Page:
The earliest pathologic change of HS/AI was observed in the junction between apocrine sweat duct and terminal hair infundibulum, with two major findings (Fig. S1B): (i) microcomedones in the ampulla of the apocrine sweat duct draining into the hair acroinfundibulum;2 (ii) mild hyperplasia and segmental spongiosis of the epithelium in the acroinfundibulum (Fig. S1C,D), which is speculated to be caused by the epithelial instability associated with impaired Notch‐MKP‐1 signalling.3 It is unclear whether they happen concurrently or which event comes first. The subsequent breakage of the infrainfundibulum with rupture of the follicular epithelium initiates the inflammatory cascade (Fig. S2A), sometimes with violent and stormy progression to cause a tsunami‐like damage, whereby the apocrine and eccrine sweat glands are passively engulfed by the flooding inflammation rampaging everywhere (Fig. S2C–E). At this stage, the sebaceous follicles and sebaceous glands of terminal hair follicles are affected as innocent bystanders. This observation has been shared and supported by many subsequent studies, showing that the terminal hair infundibulum is the primary site of defect.4-6 Mechanical stress can act as a possible trigger in the disease development (s10,s11).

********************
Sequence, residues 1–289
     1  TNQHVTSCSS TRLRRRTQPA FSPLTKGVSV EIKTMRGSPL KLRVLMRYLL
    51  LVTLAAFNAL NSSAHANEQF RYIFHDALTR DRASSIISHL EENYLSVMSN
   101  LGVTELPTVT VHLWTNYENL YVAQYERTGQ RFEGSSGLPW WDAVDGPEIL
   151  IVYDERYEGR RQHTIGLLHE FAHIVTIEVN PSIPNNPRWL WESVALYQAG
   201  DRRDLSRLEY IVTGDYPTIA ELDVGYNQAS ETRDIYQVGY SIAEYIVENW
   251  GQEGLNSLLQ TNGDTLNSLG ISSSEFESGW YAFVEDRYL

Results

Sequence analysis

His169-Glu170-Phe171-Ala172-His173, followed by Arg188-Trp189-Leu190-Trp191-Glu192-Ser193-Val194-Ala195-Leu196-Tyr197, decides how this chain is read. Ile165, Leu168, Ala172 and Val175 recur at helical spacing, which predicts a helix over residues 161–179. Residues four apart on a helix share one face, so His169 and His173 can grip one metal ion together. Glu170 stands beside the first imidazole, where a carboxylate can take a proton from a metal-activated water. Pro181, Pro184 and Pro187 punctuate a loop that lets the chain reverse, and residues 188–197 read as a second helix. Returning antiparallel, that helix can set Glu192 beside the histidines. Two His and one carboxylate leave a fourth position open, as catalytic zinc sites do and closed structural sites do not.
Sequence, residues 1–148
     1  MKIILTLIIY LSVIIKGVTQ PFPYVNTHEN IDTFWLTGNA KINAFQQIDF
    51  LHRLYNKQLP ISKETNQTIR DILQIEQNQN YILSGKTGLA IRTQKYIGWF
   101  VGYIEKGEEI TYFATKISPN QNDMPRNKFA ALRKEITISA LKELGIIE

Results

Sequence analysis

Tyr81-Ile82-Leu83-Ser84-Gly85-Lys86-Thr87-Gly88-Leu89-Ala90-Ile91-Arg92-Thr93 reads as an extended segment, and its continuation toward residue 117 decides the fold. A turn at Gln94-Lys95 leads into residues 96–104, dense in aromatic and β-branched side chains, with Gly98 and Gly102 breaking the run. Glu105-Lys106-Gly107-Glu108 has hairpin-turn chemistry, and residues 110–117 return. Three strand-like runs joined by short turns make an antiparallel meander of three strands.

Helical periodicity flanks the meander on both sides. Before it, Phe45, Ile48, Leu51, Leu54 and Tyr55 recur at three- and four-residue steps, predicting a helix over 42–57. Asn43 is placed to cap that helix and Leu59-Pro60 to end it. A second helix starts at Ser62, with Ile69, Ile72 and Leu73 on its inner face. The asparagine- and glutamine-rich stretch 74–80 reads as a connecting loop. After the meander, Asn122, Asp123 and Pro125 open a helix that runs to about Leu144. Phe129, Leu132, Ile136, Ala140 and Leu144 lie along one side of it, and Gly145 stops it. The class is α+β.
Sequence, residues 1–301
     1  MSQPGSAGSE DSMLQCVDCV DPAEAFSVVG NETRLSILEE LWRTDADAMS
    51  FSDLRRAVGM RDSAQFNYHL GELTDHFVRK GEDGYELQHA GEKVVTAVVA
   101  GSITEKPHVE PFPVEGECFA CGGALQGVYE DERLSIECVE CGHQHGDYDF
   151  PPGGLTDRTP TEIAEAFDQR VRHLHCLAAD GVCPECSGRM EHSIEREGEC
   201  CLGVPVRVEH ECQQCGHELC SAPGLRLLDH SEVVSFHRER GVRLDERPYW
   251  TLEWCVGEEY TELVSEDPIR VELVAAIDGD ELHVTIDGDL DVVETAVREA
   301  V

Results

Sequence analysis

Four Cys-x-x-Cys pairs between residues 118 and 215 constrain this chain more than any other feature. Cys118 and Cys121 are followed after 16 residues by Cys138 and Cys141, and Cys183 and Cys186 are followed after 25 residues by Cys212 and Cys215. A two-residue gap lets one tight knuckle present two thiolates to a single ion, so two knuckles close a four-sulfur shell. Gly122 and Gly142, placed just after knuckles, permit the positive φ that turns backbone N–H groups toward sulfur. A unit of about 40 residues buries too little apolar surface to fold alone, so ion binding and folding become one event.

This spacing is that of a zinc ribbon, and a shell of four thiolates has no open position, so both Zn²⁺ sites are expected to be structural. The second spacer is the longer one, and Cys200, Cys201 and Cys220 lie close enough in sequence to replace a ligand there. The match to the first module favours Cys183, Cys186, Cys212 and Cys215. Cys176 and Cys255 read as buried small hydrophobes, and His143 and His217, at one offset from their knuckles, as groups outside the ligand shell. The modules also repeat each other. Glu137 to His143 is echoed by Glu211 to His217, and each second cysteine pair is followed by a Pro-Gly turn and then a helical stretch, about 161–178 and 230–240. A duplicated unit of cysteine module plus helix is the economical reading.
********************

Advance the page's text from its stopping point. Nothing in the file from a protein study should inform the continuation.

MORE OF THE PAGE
It is unclear whether the reduced number and volume of sebaceous glands in uninvolved hair follicles from patients with HS/AI is in a causal link or is the result of a common pathogenic process (s12). This is observed in the lesions of HS/AI, but does not apply to the uninvolved terminal hair follicles in the unaffected regions of these patients. All terminal hair follicles have more or less attached sebaceous lobules, smaller or bigger in size, which can modulate during the hair cycle.2 In both human and animals, it is known that with irritation, including inflammation, the sebaceous glands regress in size or virtually disappear temporarily.
3 Hidradenitis Suppurativa (HS), Acne Inversa (AI) and Dissecting Terminal Hair Folliculitis (DTHF): Three Names for the Same Disease